Analysis: If Hardy wants to make it big, he’ll need to start taking risks, not minimizing them. “At a certain point, if you want to play the movie star game, you need to put your name above the title and take the swing,” explains one top talent manager. “Until you do, you’re never fully exposed.”

It helps that lately, Hollywood’s love affair with brands as replacements for stars seems to have fizzled and big stars are again starting to carry pictures. “It’s fun to see Tom Cruise succeed with Ghost Protocol and Denzel doing his thing in Safe House,” explains this talent manager. “From the talent perspective, this is our business. It’s exciting to see talent at least equitable with IP [intellectual property] these days.”

The play for Hardy to make, says our first agent, is to take advantage of this trend. “You gotta pair him with another male star doing an action movie, like the runaway train movie with Denzel [Unstoppable]. Or a big comedy, cause he’s funny, too. People get to sample him that way, and like him, too.”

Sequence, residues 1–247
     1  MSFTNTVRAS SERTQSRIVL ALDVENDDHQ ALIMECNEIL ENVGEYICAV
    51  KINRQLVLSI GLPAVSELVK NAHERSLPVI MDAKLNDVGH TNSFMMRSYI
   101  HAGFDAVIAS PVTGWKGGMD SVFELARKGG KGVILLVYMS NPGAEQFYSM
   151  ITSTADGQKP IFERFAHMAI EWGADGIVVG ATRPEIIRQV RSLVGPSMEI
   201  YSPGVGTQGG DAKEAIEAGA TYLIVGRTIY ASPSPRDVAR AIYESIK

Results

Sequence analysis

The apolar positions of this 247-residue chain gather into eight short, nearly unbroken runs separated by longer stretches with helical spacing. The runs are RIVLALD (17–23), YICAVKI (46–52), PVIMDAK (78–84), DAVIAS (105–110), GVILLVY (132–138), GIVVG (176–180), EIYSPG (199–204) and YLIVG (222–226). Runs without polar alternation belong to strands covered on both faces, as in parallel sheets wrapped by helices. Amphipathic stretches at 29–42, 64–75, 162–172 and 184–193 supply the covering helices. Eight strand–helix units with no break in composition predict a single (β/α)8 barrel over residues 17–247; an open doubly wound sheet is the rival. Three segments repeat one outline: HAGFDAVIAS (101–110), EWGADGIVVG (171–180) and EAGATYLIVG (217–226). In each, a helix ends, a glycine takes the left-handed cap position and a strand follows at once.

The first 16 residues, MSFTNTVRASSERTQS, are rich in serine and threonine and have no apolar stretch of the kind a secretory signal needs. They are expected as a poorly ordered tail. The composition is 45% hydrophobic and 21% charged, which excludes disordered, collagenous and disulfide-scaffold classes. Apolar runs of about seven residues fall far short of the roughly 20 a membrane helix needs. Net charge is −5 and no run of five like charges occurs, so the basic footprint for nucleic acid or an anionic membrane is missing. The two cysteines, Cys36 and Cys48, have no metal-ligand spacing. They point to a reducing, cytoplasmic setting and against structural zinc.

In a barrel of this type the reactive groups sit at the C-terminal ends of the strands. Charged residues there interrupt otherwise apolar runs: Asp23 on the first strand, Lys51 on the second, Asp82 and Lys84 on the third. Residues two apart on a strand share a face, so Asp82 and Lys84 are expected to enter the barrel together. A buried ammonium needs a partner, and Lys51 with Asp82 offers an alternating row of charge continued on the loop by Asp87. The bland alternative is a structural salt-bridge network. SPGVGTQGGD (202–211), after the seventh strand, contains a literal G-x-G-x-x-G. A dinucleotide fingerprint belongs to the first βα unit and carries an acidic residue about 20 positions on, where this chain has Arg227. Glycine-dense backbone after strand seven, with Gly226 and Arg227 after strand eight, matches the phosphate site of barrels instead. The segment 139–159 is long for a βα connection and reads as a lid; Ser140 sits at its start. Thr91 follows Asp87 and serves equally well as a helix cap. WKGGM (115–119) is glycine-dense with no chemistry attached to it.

Our second agent agrees and notes that “being the villain in probably the biggest action hero franchise in the world [The Dark Knight] is a good place to start. And both Chris Pine and Tom Hardy have huge franchise sequels coming out, so by the time both of those movies come out, the underperformance of This Means War will be a distant memory. And so I think now would be a good time to do an interesting filmmaker-driven movie. Whether or not he gets a huge amount of credit for Dark Knight because his face is obscured, he’ll be perceived as someone with a lot of foreign value. He should make a list of the filmmakers who’ve made things he’s loved and respected, and go make a movie with them.”

Bottom Line: Versatility is both a blessing and a curse — it allows a talented actor like Hardy to show off his range, but it makes him largely inaccessible as a name brand. His reluctance to establish any set career path, or to promote himself beyond the work, is his biggest liability. The fundamentals are in place, but until Tom Hardy decides who he wants to be, audiences won’t be sure of him, either.

Rating: Accumulate/Weak Buy

Photo: Jason Merritt/Getty Images